Author: Edie Moro
Published: Feb 19, 2017
Reprinted with permission by the Fern Ridge Review and The Tribune News.
Phyllis Barkhurst, Director of 90 by 30, led off the second North Lane strategic planning session on Feb. 18 by explaining how 90 by 30 plans to meet its goal of reducing child abuse and neglect in Lane County be 90% by the year 2030. She stressed that government agencies have worked for years to stop child abuse with not much success because they have focused on risk factors that are associated with child abuse and neglect. Instead, 90 by 30 looks at strengthening protective factors for prevention.
90 by 30 uses a public health model that focuses on primary prevention strategies. Barkhurst explained that this is like putting up a bridge over a river so people can pass over it safely, rather than throwing them life preservers and pulling them out once they fall in (a secondary prevention).
Barkhurst, who is at the University of Oregon College of Education Center for Prevention of Abuse and Neglect, was able to utilize graduate students to search for primary prevention strategies globally. From this research, the largest project of its kind, a list was drawn up of strategies that are inexpensive enough to be universal. Community members choose the one or two most important strategies and implement them. After two years, the strategies will be evaluated to see which strategies work the best in the seven 90 by 30 regions of Lane County.
There are five protective factors for preventing child abuse and neglect. They are concrete support in times of need, social connections, parental resilience, social and emotional competence of children, and knowledge of parenting and child development.
Parental resilience shows itself when a parent is patient and understanding. A parent’s external strengths are friends and family; internal strengths are things like a sense of humor and faith. Two good strategies for building parental resilience are home visitation programs for parents of children ages 0-5, and “parent cafés.” A parent café is a safe and secure way to bring parents together at a local restaurant so that they may share problems and solutions.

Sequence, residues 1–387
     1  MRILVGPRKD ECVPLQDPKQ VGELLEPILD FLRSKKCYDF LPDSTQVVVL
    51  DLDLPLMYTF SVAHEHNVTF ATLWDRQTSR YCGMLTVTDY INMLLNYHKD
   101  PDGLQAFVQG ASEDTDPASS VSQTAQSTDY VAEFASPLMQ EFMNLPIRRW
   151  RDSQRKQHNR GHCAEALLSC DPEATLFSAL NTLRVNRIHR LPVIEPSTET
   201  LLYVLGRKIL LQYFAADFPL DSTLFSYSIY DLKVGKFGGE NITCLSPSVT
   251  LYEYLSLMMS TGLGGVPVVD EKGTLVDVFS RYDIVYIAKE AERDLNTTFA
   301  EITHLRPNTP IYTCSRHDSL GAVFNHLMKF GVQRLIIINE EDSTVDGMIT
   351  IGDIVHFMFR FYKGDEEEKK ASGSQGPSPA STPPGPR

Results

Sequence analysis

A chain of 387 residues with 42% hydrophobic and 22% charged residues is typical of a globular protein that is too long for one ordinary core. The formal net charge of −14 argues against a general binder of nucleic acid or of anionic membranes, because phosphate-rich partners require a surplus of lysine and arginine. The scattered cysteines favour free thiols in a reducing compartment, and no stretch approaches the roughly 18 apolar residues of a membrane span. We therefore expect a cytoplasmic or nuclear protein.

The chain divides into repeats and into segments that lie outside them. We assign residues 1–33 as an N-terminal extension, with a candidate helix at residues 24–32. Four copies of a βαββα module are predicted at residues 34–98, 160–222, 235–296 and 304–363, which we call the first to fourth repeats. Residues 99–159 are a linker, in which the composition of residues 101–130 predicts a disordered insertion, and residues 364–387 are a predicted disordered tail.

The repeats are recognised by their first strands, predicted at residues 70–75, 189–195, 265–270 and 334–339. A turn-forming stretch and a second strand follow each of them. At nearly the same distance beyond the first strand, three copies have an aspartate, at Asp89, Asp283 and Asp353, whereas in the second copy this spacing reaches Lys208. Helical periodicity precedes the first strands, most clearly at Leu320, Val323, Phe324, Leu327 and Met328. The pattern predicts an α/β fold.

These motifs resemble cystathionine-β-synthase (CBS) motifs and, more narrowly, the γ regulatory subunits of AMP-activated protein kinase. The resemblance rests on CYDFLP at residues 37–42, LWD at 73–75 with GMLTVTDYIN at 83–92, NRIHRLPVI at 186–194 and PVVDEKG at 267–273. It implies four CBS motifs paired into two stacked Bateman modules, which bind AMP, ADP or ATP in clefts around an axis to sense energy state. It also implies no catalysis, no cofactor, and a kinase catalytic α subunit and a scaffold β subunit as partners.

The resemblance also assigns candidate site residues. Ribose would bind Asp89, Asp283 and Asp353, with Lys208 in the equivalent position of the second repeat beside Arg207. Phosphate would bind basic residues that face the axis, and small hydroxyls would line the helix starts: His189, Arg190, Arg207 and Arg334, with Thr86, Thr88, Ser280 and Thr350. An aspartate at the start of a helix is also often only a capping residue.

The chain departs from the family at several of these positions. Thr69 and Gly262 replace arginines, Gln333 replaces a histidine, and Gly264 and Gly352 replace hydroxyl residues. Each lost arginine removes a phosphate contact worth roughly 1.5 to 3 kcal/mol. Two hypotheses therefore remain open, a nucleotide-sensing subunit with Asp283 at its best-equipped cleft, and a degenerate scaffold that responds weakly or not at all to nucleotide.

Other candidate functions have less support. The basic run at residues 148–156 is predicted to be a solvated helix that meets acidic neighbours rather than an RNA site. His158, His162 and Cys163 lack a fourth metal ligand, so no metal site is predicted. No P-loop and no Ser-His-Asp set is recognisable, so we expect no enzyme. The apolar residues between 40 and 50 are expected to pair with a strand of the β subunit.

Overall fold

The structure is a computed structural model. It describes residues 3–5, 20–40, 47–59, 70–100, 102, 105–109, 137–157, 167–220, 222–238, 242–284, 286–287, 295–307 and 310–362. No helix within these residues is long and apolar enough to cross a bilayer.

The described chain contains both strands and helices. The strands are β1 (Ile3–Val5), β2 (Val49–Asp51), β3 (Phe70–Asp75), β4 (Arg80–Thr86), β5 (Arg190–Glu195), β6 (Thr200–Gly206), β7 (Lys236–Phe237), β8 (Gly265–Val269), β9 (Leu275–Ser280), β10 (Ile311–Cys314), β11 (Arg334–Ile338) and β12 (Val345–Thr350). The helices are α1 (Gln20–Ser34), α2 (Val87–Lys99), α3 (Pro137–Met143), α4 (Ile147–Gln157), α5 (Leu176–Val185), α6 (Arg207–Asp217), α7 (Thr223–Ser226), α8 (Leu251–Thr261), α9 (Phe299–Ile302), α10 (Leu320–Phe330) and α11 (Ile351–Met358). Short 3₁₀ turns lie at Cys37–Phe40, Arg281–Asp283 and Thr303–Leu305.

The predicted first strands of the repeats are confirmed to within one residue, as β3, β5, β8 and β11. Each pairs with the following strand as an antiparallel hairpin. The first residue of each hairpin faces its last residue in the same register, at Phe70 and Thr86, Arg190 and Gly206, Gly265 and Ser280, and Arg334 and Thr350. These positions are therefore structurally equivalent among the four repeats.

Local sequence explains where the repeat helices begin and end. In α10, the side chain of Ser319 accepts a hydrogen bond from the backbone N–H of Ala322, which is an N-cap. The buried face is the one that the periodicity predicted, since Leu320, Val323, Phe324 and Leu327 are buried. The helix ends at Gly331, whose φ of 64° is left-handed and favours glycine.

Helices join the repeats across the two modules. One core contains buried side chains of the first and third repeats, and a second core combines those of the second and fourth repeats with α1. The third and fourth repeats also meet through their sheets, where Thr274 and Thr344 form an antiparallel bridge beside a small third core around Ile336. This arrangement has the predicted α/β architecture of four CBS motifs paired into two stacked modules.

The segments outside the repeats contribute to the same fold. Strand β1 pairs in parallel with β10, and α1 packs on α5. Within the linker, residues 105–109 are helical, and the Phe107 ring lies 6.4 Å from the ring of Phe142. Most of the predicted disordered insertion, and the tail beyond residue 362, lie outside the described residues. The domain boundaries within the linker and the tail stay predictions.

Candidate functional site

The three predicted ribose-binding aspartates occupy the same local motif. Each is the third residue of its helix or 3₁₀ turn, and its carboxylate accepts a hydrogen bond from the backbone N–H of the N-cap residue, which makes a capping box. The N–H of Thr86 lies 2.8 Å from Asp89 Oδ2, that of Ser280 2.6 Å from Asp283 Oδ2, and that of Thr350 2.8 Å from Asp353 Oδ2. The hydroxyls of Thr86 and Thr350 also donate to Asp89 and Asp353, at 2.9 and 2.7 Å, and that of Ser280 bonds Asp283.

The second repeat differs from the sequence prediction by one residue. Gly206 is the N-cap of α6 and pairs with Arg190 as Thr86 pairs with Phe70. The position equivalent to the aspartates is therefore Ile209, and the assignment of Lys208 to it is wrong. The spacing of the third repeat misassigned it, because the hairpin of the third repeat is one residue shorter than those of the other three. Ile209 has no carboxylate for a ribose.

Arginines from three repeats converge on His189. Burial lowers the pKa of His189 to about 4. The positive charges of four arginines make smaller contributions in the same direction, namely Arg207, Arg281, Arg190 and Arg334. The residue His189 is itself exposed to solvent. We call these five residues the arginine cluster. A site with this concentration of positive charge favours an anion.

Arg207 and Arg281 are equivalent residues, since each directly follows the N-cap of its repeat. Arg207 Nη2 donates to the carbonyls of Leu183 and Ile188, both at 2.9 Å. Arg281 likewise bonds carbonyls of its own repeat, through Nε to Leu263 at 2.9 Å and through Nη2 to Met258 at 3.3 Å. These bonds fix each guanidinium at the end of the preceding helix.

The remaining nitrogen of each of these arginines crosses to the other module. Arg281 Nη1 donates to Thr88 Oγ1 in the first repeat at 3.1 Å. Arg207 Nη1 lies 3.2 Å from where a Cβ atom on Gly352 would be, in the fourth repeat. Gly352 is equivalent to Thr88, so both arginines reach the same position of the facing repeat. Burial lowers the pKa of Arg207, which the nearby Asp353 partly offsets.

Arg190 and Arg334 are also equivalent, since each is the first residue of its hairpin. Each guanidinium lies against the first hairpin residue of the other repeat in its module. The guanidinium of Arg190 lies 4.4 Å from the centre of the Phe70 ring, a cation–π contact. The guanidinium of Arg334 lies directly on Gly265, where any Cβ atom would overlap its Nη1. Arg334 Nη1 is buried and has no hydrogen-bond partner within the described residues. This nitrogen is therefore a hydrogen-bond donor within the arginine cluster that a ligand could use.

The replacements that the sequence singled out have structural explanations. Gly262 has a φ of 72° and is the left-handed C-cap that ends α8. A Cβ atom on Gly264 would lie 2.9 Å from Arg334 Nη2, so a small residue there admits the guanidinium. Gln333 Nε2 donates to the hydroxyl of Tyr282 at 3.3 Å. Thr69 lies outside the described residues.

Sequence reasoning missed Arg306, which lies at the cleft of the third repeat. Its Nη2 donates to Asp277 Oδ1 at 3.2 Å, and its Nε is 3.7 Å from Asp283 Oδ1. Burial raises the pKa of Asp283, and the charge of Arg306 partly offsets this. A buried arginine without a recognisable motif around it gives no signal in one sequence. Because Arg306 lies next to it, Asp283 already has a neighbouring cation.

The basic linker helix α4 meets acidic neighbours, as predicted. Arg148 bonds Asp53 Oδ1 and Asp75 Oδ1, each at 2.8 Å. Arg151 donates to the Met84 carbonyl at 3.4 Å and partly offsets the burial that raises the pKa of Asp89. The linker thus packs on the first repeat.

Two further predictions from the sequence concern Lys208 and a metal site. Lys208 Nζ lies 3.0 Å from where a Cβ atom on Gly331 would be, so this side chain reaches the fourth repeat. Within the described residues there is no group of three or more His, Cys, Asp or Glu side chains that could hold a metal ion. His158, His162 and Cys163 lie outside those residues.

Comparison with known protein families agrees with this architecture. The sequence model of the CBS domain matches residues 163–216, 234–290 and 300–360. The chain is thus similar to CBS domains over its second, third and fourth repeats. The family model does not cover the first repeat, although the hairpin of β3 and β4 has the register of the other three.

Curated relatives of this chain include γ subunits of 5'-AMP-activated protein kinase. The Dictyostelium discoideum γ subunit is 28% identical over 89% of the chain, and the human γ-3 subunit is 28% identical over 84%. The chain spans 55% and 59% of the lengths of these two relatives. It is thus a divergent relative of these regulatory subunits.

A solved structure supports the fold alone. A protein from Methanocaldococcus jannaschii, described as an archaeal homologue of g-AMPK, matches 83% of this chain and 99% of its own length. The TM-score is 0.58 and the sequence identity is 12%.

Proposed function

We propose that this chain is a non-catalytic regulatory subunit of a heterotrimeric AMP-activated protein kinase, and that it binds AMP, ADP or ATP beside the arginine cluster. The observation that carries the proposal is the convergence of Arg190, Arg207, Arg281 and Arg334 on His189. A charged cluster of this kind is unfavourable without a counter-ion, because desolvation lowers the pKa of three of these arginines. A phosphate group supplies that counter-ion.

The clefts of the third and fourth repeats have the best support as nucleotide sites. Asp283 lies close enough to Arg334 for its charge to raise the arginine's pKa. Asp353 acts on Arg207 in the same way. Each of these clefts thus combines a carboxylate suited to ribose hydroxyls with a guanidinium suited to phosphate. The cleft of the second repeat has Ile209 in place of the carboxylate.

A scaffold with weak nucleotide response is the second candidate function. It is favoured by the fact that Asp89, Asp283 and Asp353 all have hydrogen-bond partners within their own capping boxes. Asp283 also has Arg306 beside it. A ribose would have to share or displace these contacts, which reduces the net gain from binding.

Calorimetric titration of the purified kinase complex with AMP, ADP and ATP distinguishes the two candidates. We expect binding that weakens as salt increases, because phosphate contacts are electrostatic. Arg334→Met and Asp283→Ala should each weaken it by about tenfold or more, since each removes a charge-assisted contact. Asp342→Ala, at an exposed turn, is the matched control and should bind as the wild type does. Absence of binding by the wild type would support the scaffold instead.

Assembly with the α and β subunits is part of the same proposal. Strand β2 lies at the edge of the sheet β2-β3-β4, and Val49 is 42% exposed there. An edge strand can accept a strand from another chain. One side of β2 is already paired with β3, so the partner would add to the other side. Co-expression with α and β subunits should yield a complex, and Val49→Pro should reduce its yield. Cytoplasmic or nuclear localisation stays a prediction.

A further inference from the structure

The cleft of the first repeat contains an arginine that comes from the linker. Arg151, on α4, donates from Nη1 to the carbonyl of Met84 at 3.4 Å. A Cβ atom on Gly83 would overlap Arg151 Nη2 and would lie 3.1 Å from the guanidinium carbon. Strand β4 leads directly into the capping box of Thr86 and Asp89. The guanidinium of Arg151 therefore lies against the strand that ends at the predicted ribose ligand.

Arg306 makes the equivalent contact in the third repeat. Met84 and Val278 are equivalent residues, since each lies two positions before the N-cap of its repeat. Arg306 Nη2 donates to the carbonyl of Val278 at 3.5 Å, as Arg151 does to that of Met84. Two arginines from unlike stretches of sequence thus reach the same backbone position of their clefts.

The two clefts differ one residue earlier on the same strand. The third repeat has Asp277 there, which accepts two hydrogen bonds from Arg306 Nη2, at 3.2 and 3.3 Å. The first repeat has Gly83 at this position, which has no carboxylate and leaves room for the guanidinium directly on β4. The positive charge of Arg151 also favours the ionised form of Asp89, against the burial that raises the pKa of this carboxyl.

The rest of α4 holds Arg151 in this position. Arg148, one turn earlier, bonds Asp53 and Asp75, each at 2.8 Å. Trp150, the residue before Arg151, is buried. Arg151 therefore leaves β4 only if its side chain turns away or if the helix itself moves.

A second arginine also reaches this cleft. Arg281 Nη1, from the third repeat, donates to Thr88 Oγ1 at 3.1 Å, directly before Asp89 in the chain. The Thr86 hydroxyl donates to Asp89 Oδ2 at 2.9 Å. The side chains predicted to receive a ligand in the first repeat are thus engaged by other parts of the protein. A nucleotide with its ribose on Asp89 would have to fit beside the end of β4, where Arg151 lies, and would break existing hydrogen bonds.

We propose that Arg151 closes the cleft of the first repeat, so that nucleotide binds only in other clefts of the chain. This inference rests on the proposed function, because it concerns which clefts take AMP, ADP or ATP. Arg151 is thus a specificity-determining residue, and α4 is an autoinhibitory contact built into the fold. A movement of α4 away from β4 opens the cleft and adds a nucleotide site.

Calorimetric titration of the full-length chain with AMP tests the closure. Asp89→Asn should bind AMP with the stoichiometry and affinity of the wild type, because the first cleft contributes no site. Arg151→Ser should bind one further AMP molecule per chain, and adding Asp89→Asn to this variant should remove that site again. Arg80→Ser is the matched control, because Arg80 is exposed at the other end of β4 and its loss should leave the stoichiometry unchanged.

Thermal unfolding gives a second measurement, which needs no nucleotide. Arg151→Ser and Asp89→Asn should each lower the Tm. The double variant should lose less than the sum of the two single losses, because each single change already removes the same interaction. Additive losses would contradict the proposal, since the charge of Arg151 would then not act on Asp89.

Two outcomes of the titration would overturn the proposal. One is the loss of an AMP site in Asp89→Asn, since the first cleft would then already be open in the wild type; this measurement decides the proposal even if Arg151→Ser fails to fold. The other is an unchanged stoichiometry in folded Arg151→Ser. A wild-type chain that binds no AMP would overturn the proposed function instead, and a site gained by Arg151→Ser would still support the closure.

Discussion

Building a child’s social and emotional competence has been shown to lessen bullying and child abuse. Strategies for this help children learn how to handle their own social and emotional situations. One strategy is “Roots of Empathy,” a program that teaches young kids to emphasize with an infant by trying to identify the infant’s emotions and needs.
Concrete support for families includes food boxes, help with shelter or housing, providing clothing, and giving parents a respite from child care. “Safe Families for Children” is a faith-based program that may be conducted by local churches.
Providing parents and children with social connections breaks down the feeling of isolation and creates community connections. An example of this is the Foster Grandparents program for senior citizens and children. This program has been shown to improve language and reading skills by 75%, as well as increasing empathy. Another program is to provide baby boxes to new parents, an idea that originated in Finland. South Lane has adopted “Welcome Baby Boxes” as one of its main strategies. There are 41 different groups in the Cottage Grove/Creswell area that contribute to these boxes. Research shows that the boxes decrease the incidence of Sudden Infant Death Syndrome (SIDS) by teaching parents the safe way to let their baby sleep, and also lower stress levels in parents.
Another strategy is ‘Secret Survivors,’ a community-based theater program that allows victims of sexual abuse, trauma, grief, or other stressors to talk about their experiences. This strategy brings in the arts community.
Parent cafés help to enhance knowledge of parenting skills and child development. The success of this preventive strategy is communication through hands-on parenting classes. On-line parenting classes are also available.
The next session, scheduled for February 25, 3:00 – 6:00 p.m. at Fletchall Hall, 195 W. 5th Ave. (corner of W. 5th Ave. and Greenwood) in Junction City will look at the asset mapping report that the team members conducted. It will also be a strategy session to figure out how to bring a more diverse group of community members to the team.
North Lane encompasses the communities of Veneta, Elmira and the Fern Ridge area, plus Junction City and Cheshire. Harrisburg and Monroe school districts may be included if people from those areas join the team.
If you are interested in joining the team and helping to plan the next steps towards implementing strategies, contact Amber Peden, 541-913-3452, or email: firstname.lastname@example.org.